Aisha is in her 30s and only has one kidney. Her other one is fulfilling its function in the body of a business leader in Spain.
Aisha got married to get away from the hard life with her adoptive parents in Lebanon, but her longing for freedom was exchanged for violence and uncertainty. She finally left her alcoholic husband and found herself living in poverty with sole care of her children. Through an organ ring she sold her kidney and now lives in destitution, too weak to work. Aisha’s story is far from unique; she is one of many vulnerable people who fall victim to organ trafficking, a growing international criminal trade.
New drugs make it possible to transplant organs with good results, but the paradox is that the need for organs increases. Organs are a scarce commodity and therefore a stable foundation is laid for the development of a black market and people’s cynical pursuit of wealth. Over the course of many years, ethnologist Susanne Lundin has met sellers, buyers, politicians, doctors and criminals as part of her research.
“People have always tempted fate and refused to be content”, she says emphatically. “Over the centuries, we have tried to improve our bodies to gain a better life. Today, large parts of the world live under the principle that each person is unique and that we mustn’t harm people around us. Nonetheless, the progress of this new medical technology means using other people. The altruistic mindset is faltering.”
Everything has a price tag
Susanne Lundin has travelled around the world to countries such as Moldova, the Philippines, South Africa and Israel, trying to understand the mechanisms behind the poverty that results from poor people’s involvement in organ trafficking. The buyers are most often from developed countries and the operations are almost always carried out in a third country, in order to cover their tracks.
“People have always sold their labour; now people are selling parts of their own bodies. Today’s mindset that we are responsible for taking care of our bodies and our health favours criminal activity. Everything has a price tag”, says Professor Lundin. “In addition, the boundaries are being moved. What was not OK yesterday is OK today, and technical possibilities undermine moral aspects for both the buyer and the seller.”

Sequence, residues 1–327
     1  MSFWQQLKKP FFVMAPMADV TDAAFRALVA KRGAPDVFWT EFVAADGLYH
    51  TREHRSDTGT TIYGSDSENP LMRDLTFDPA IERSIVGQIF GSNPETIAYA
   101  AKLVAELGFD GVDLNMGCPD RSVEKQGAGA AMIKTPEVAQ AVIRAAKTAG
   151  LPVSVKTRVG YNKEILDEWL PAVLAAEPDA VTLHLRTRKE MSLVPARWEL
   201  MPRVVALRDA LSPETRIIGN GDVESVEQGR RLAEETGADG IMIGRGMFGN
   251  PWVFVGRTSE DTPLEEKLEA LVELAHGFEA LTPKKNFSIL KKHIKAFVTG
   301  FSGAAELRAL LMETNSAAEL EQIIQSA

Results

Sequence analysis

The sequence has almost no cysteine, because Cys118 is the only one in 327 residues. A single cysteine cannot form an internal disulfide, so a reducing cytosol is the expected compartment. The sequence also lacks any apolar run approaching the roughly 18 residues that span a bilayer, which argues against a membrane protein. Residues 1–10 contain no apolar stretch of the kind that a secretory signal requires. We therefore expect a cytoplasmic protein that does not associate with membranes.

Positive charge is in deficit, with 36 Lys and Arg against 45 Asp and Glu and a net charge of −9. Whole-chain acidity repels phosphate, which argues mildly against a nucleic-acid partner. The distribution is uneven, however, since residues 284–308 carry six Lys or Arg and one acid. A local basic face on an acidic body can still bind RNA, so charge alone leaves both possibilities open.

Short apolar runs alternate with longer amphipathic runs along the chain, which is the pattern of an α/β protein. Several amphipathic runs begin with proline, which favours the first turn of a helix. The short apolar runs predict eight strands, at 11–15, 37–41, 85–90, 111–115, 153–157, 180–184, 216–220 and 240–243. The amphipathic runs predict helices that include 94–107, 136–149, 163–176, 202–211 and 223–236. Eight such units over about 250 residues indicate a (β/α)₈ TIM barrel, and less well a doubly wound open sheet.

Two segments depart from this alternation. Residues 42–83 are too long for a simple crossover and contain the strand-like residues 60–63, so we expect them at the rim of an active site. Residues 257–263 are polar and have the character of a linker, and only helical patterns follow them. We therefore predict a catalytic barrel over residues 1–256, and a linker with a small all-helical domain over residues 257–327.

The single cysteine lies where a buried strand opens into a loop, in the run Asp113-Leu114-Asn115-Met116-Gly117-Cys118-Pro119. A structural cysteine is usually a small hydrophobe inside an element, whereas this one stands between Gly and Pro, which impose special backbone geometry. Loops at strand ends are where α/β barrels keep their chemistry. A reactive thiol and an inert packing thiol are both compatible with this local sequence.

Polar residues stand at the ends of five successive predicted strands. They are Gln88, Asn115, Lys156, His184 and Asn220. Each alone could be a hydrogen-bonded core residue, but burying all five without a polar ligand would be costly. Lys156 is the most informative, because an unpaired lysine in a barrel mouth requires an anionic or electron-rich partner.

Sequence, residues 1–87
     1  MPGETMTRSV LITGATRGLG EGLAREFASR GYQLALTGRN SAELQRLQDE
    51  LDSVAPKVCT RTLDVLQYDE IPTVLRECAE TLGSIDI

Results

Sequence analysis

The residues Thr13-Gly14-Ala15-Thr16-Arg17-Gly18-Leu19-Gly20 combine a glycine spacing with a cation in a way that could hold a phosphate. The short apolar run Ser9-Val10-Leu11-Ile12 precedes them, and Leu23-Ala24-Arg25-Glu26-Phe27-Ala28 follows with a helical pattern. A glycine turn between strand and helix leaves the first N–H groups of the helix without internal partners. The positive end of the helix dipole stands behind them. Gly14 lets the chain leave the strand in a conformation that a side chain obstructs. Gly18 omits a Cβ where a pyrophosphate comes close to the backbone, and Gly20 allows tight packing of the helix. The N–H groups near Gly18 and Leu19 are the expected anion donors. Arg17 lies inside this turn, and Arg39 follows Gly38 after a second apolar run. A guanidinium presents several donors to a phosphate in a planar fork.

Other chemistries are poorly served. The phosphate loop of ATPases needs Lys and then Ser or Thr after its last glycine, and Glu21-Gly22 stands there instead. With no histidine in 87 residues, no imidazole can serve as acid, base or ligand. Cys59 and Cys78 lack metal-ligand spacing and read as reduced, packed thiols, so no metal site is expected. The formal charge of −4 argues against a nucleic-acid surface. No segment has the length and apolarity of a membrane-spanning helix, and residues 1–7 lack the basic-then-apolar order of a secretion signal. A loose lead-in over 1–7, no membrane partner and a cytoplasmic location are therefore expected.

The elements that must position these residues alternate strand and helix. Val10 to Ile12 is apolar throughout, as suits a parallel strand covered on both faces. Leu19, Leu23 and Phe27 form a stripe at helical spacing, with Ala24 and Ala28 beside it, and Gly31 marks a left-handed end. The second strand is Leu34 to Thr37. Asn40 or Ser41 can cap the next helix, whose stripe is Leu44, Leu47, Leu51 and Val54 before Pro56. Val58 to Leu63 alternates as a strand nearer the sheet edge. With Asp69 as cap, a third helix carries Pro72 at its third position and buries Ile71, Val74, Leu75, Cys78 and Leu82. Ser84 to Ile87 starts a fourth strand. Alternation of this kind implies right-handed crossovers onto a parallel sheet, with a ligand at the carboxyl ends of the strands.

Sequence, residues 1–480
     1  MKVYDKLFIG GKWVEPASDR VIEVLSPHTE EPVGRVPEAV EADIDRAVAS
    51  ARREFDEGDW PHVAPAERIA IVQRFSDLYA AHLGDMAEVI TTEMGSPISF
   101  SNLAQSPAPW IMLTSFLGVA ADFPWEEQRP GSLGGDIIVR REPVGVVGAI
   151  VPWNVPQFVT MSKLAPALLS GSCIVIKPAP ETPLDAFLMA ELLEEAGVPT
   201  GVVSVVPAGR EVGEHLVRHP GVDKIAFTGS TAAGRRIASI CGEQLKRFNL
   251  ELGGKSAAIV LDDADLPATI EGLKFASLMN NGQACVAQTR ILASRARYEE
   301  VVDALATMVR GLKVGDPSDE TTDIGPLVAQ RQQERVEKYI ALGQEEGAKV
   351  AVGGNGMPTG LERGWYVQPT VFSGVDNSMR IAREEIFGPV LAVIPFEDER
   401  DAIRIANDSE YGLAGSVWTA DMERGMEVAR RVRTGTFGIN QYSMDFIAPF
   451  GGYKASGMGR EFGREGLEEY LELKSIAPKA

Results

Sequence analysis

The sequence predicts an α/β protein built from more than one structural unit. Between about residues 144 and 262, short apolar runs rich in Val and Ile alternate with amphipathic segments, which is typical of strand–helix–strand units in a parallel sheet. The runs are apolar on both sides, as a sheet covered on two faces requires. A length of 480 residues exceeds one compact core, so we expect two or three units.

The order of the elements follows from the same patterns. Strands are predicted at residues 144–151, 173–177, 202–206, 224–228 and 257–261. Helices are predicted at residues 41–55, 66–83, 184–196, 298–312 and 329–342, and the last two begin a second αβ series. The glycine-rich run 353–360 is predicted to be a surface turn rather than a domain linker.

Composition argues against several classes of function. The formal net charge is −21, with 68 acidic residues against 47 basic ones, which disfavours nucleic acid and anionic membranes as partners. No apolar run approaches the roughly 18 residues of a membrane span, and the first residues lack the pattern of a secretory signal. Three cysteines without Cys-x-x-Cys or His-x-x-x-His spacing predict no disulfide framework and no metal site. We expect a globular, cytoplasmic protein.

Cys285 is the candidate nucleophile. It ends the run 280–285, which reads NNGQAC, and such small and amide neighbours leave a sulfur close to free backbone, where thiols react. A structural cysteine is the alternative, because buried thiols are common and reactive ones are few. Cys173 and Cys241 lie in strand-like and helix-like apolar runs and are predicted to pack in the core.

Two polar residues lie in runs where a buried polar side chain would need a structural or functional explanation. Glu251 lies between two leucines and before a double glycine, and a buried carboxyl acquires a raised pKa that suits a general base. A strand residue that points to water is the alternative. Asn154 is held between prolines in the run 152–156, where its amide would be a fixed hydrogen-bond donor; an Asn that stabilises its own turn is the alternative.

My body is my own?
Technology, identity, body and society. The line between the concepts becomes blurred, posing the difficult question: do we own our bodies? The illegal trade in organs leaves behind battered individuals without the strength or ability to improve their lives.
“Often, the organ sellers become outcasts in the community after the operation. Weakened and exploited, they try to carry on with their lives. There are also people who are not living in poverty, but choose to sell a kidney or part of a lung to pay for a house or studies. Are they also victims?” asks Susanne Lundin.
“People have always sold their labour; now people are selling parts of their own bodies.”
Organ trafficking is starting to gain more and more attention. The trade is also on the increase. It is not only the rich who are buying. People without money are also taking loans to try and improve their health. Susanne Lundin has received indications that Swedes are starting to go abroad to buy organs, even though Sweden has an established system for organ donation.
Perpetrators and victims
However, the situation worldwide is not consistent. Iran has a state-regulated system of organ trade for payment, Israel gives priority for health care to those who donate an organ voluntarily, in China, relatives get financial compensation and funeral expenses paid if they donate a parent’s kidney, and in all countries except Spain, the patients – or buyers – go free. In Brazil, the seller is criminalised. The designation of victim and villain differs from one country to another. Susanne Lundin is heavily involved in the EU’s HOTT project, ‘Combating trafficking in persons for the purpose of organ removal’, which is trying to take a global approach to a global problem. But is there a global solution?
“Tackling criminal trade in organs has not been taken seriously by police forces and justice systems around the world for far too long. In the project, we are mapping legal cases in order to piece together the structures and methods that drive the processes behind the trade. What political and cultural models can provide an explanation? We hope to be able to draw up a checklist that can be used by doctors, lawyers and the police to try and stop this cynical trade”, explains Susanne Lundin. “However, I am doubtful whether global rules can be applied to everyone. Who would interpret them?”
Professor Susanne Lundin works at the Department of Ethnology at Lund University and is the author of the book Organ till salu (Organs for Sale).
Text: Bodil Malmström
Photo: Kennet Ruona